“I feel like I’m Margaret Olley for the night,” I told my friend Kate as we wandered around, enjoying the current exhibition at the National Art School in Darlinghurst. In common with the renowned Australian artist (who also hails from Lismore), l love attending exhibition openings. In her later years, she walked with the aid of a walking frame, and was quite a sight as she made her way, cutting through the crowds. Though without her gravitas, I similarly maneuvered in a wheelchair for the Elizabeth Cummings exhibition opening.
Elizabeth is an Australian landscape painter. Her current exhibition, “Radiance,” spans two floors and features paintings mostly based on South Australian locations. While depicting landscapes, the artworks go beyond mere representation, capturing the landscape’s essence with a variety of color palettes.
Kate and I have been attending exhibitions for as long as we’ve known each other. If you explore the art or arts tags on this blog, you’ll find records of the numerous exhibitions we’ve attended, including some curated by Kate herself. For a decade, we were also part of the Hawkesbury One art collectors group.
When she mentioned her visit to Sydney this week and asked if she could see me in the hospital, she also mentioned her plan to attend the opening afterward. “Maybe I could attend, too?”, I wondered.
In preparing for the outing I needed to think about the best way of getting there on the sometimes uneven footpaths of Darlinghurst, and which way from the hospital to the gallery had the most gentle incline. I also neeed to look around much more for the unexpected movements of both people and traffic.
I needed approval (and sign an indemnity form) for a “leave pass” from the hospital, based on safety considerations. A phone call was all it took to confirm with the specialist, Simon that it would be okay. My mobility has significantly improved even from a week ago, and activities like attending an exhibition opening probably help in my rehabilitation. In fact, “going to art exhibitions” is one of the goals I’ve been anticipating for next week’s meeting with the NDIS (National Disability Insurance Scheme). Goal achieved.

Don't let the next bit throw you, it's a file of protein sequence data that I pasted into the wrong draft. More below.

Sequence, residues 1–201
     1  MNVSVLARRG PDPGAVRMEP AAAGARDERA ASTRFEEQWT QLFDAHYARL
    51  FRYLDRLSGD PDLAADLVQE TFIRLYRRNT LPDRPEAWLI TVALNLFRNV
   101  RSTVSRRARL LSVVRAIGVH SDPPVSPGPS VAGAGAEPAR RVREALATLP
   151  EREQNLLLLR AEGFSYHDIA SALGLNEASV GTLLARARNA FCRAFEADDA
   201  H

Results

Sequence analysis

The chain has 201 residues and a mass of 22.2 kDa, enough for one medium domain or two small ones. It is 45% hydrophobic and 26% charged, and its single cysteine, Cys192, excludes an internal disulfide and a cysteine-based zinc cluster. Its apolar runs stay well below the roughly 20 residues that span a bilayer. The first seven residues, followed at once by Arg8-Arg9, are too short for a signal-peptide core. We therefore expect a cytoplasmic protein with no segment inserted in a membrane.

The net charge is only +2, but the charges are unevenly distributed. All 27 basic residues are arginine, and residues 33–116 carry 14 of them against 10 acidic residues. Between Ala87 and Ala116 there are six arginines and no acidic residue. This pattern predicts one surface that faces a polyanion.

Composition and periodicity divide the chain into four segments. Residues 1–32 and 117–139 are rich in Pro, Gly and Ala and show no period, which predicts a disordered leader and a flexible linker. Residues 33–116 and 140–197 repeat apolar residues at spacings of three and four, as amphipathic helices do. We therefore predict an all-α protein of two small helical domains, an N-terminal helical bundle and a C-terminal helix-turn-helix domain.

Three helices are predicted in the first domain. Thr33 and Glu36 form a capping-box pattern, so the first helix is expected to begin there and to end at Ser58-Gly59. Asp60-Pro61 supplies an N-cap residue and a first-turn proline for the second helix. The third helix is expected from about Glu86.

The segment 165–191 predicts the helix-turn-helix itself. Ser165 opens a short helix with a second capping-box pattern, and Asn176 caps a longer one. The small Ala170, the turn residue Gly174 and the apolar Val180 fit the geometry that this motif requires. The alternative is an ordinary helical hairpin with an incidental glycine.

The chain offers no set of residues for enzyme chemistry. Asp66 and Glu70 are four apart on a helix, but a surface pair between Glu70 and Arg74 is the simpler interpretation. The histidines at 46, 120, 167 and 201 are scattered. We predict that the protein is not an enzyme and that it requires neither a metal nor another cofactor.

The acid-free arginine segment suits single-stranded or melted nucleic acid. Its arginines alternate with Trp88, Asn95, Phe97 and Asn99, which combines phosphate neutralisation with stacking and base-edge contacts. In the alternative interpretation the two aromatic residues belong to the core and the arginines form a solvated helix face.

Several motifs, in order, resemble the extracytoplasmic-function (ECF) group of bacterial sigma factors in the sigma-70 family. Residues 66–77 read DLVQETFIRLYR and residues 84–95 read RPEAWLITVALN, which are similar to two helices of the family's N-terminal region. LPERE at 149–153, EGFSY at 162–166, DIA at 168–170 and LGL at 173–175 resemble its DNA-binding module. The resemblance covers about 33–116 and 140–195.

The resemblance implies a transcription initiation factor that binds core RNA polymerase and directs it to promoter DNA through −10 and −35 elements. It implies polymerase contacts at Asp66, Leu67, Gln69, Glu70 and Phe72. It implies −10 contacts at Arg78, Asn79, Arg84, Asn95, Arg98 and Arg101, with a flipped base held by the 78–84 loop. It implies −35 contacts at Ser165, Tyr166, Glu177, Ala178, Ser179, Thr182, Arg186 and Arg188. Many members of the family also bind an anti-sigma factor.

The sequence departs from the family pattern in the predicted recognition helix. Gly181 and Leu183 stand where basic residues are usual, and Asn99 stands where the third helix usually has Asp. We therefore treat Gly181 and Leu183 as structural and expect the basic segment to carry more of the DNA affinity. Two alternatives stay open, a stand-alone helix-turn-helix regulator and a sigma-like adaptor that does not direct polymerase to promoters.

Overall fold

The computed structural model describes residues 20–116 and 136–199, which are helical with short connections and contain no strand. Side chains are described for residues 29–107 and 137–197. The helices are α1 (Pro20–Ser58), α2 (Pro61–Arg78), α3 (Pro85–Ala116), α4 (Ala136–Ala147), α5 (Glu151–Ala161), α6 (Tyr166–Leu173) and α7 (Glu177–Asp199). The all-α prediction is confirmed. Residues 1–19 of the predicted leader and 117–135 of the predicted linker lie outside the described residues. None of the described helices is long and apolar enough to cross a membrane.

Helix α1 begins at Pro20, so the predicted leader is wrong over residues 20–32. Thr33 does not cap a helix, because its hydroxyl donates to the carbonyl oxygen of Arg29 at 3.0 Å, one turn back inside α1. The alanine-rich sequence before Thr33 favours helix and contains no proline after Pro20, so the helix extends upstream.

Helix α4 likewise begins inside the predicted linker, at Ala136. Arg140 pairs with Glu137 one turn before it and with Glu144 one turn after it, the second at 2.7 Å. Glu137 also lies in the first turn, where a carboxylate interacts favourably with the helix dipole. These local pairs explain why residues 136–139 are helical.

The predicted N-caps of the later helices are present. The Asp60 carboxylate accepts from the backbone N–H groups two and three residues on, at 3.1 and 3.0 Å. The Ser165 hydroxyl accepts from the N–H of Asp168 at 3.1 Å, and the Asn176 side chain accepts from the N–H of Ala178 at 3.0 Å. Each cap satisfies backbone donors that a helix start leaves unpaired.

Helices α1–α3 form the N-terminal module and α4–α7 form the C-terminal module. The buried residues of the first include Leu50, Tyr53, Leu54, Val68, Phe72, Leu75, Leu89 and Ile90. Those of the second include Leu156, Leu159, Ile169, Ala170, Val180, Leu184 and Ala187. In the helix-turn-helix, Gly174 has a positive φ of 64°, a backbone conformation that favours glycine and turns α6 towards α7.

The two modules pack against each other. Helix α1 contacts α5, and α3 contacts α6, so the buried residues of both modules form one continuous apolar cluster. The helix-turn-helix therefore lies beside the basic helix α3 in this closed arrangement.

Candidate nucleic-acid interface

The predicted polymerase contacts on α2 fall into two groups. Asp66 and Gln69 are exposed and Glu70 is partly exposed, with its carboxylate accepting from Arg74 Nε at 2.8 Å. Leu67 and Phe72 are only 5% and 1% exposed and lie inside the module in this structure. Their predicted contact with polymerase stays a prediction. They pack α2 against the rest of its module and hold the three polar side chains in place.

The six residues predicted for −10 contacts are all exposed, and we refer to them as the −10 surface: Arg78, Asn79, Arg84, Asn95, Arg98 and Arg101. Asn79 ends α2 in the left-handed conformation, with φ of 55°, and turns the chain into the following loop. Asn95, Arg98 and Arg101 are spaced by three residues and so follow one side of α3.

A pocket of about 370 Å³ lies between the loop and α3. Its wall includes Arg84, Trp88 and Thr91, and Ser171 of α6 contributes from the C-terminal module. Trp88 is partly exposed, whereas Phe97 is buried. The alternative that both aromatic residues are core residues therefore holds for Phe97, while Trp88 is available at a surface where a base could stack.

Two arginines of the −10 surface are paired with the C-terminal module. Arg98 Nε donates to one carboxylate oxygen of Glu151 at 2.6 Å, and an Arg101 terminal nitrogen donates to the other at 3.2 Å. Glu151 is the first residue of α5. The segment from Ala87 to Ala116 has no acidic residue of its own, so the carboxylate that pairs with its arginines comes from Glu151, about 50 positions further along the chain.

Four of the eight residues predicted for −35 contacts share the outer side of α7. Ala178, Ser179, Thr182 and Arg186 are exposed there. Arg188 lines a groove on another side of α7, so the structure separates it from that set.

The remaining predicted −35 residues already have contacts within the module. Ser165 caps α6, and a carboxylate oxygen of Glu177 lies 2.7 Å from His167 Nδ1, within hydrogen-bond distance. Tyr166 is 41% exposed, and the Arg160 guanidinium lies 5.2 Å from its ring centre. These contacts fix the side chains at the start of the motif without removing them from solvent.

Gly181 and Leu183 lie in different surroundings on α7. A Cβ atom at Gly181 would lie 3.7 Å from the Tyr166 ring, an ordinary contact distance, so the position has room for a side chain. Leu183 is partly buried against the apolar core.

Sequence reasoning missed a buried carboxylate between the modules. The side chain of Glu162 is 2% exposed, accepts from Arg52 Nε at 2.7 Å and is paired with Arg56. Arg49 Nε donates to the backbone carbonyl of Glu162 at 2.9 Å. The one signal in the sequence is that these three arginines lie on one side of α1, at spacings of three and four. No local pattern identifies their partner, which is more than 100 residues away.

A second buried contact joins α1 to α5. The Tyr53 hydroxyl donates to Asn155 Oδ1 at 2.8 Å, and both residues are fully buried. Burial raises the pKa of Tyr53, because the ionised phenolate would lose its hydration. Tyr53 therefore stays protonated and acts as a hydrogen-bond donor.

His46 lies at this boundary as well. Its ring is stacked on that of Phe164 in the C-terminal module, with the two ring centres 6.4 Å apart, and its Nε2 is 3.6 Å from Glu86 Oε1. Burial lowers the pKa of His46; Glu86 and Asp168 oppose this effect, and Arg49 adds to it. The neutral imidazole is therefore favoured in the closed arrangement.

“Don’t I know you?” a random woman asked me as we wandered the exhibition. It turns out she is an occupational therapist working at the hospital. Although I haven’t worked with her, she recognized my face. “See you in the hospital tomorrow,” she said.
I also recognized and spoke to a few other people at the opening. A former colleague did her best to make me feel at ease about being seen for the first time with a missing limb and in a wheelchair. I could still perceive the hint of surprise in her eyes, as if she were thinking, “What the fuck happened to you?”
It was intriguing to navigate through the crowd and experience the exhibition from a different perspective, being a couple of feet “shorter” than everyone else, and unable get around with the ease I would have experienced previously.
On the positive side, we received assistance getting in and out of the exhibition. There is a small step at the entrance that would have been manageable in a “standard” wheelchair, but proved slightly challenging in a “hospital” wheelchair, designed for hospital floors. I also managed to get good positions in the chair in front of people to take a closer look at the works without obstructing others’ views. Yet, being so close to the ground, I sometimes went unnoticed as I moved through the crowd, leading to some “delays” getting through. But mostly, it was a positive experience, and a good sign for the future.
Experiencing this with my dear friend of thirty years made it truly wonderful.